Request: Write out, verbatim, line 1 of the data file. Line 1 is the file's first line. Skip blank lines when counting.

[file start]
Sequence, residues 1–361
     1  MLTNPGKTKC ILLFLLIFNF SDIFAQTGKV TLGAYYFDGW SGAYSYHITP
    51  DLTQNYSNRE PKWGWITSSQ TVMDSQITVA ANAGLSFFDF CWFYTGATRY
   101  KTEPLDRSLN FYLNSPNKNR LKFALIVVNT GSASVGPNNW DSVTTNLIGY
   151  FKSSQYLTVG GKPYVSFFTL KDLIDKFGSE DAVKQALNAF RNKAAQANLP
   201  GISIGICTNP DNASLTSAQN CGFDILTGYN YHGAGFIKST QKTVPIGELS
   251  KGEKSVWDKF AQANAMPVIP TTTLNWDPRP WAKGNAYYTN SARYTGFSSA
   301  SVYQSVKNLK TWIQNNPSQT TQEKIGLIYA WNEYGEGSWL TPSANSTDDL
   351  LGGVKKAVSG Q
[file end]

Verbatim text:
Sequence, residues 1–361